Discourse ethics, power, and legitimacy: The ideal of democracy and the task of critical theory in Habermas.
|Title:||Discourse ethics, power, and legitimacy: The ideal of democracy and the task of critical theory in Habermas.|
|Authors:||Payrow Shabani, Abdollah.|
|Abstract:||My thesis is concerned with the efficacy of Habermas' critical theory as an articulation of emancipatory interest, by way of critical diagnosis of social reality, which will make the ideal of free society possible. In his earlier theory of communicative action, he introduced a distinction between "the lifeworld" (the sphere of communicative interaction geared toward understanding) and "systems" (the spheres of strategic action steered by media of power and money). On this model, the pathologies of modern society were understood in terms of the colonization of the lifeworld by the systems, and emancipation was understood as preventing this colonization. In his recent works, however, this older model is seen as unable to account for legitimate power: i.e., it is unable to explain how citizens can convert their communicative understanding developed in the lifeworld into government policies. This leads Habermas to redefine the possibility of free society, emancipation, in terms of legitimate lawmaking. The turn to legal theory in Between Facts and Norms is anchored in the concept of modern law, which is situated between the lifeworld and system and as such is said to mediate between the two. Legitimate lawmaking is understood as the result of institutionalized procedures of public deliberation, which convert citizens' practices of self-determination, in the form of communicative and participatory rights, into the binding decision of political power. I will argue that the constructed concept of law, as what brings the insight of moral norms to bear upon the context of practical life, sits uncomfortably between the lifeworld and system. By aligning so closely the concepts of legitimate law, communicative power, and political system, Habermas' new approach fails to ensure emancipation since it legitimizes the political power as exercised in liberal-democratic states. I contend that the critical thrust of Habermas' theory can be regained by borrowing from the insights of postmodern political theory. Specifically, I will draw upon Foucault's analysis of power, which goes beyond the limitations of the consensus/coercion model of Habermas' view, and Derrida's deconstruction of law, which recovers the critical distance between the utopian ideal of justice and the real-existing political system.|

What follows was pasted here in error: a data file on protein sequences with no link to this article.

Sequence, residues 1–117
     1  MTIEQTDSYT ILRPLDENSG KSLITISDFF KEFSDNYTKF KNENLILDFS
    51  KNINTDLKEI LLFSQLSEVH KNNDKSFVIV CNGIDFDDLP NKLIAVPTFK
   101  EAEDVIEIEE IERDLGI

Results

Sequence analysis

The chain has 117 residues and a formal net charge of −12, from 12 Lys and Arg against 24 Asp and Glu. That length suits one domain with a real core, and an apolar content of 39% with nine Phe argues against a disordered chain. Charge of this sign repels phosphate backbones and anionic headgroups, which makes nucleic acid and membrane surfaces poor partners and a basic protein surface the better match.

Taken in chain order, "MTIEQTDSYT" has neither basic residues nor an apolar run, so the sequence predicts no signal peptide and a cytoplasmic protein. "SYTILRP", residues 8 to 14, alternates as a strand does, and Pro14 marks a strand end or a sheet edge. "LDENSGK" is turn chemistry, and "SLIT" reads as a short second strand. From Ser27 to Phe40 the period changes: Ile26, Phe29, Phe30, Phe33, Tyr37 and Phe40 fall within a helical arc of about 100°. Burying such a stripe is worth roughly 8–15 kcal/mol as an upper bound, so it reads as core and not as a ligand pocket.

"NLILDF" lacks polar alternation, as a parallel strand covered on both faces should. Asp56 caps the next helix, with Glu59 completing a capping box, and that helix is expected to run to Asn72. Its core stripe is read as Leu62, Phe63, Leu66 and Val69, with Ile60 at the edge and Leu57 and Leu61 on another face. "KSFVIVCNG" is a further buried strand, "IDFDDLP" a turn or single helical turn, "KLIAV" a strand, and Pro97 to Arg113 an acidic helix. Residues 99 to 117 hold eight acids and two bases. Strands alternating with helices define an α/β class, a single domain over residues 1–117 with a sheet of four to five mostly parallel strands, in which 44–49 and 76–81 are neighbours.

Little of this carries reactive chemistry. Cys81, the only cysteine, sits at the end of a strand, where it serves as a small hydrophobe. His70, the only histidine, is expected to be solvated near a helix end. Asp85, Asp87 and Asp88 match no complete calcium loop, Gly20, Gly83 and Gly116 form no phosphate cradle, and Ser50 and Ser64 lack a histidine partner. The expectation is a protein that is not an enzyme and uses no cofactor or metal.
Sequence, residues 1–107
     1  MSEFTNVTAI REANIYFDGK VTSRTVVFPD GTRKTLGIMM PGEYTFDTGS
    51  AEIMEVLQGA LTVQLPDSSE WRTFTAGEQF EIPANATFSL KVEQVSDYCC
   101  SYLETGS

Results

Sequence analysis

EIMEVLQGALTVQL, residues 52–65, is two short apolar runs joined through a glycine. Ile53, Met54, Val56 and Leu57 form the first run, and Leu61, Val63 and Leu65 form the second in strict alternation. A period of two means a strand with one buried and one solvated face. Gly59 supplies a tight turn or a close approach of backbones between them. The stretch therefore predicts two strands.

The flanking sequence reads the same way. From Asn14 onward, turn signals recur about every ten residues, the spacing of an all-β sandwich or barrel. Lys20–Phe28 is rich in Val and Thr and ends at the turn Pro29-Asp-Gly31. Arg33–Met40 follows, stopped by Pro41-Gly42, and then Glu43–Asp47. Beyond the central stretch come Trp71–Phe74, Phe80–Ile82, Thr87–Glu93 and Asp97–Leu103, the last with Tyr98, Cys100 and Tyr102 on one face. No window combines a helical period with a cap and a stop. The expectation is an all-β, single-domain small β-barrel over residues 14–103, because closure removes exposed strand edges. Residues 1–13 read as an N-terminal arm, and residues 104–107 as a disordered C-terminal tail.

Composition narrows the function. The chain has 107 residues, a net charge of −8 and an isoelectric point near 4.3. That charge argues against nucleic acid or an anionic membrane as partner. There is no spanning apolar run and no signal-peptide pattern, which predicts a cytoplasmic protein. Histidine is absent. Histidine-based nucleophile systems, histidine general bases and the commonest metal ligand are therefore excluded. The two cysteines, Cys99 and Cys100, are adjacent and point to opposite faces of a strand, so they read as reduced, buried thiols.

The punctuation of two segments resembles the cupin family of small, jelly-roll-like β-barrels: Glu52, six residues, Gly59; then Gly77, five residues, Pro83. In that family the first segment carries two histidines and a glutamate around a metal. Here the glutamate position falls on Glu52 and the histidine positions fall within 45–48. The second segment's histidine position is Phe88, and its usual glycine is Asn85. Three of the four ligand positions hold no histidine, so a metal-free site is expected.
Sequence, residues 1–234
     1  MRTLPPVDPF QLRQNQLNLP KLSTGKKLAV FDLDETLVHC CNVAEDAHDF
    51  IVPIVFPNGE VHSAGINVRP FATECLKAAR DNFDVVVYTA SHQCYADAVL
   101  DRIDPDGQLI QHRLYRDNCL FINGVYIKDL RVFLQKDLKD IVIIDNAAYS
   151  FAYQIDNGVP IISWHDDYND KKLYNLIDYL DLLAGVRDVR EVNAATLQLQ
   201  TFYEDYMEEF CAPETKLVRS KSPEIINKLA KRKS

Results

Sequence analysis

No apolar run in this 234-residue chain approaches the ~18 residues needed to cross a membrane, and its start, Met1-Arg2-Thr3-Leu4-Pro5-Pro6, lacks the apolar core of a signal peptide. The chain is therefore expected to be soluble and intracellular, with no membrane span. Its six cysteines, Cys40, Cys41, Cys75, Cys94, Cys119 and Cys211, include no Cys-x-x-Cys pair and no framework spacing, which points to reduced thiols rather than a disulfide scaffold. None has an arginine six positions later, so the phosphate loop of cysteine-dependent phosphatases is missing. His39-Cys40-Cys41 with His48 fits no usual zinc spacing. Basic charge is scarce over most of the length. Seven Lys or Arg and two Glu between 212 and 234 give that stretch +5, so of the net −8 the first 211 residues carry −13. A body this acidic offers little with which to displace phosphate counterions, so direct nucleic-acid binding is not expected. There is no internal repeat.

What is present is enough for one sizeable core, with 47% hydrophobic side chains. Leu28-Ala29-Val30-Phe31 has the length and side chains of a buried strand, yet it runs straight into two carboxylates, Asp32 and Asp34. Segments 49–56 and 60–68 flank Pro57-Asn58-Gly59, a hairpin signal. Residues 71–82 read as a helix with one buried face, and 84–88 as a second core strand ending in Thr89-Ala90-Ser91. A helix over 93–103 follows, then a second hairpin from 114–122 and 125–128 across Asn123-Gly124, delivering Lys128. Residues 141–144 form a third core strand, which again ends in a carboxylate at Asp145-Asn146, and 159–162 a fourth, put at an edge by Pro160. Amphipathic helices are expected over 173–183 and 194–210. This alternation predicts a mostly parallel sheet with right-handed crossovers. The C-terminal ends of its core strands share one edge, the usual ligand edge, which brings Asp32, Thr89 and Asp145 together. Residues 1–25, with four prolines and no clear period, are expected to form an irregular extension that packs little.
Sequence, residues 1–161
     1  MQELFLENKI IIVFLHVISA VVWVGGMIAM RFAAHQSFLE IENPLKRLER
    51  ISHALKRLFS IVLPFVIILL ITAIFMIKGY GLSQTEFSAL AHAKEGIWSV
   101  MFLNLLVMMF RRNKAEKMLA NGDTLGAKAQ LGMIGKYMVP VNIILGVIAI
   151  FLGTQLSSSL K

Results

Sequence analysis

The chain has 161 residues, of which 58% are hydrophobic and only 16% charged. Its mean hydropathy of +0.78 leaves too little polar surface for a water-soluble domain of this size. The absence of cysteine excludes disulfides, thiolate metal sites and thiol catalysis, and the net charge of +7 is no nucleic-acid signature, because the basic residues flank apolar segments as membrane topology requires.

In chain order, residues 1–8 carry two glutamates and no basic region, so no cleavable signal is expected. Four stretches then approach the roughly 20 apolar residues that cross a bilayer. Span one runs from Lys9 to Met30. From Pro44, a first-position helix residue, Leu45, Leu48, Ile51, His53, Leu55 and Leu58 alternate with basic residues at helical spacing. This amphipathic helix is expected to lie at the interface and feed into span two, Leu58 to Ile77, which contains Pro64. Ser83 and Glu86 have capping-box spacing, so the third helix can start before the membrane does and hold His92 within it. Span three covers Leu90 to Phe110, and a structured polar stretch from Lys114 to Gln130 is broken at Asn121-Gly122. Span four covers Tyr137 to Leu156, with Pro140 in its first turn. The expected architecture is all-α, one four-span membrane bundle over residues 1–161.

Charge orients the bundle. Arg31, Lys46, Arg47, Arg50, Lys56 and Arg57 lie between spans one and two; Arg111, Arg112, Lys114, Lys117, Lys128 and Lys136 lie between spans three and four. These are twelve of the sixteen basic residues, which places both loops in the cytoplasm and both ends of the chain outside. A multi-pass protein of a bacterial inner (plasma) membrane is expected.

|Collection||Thèses, 1910 - 2010 // Theses, 1910 - 2010|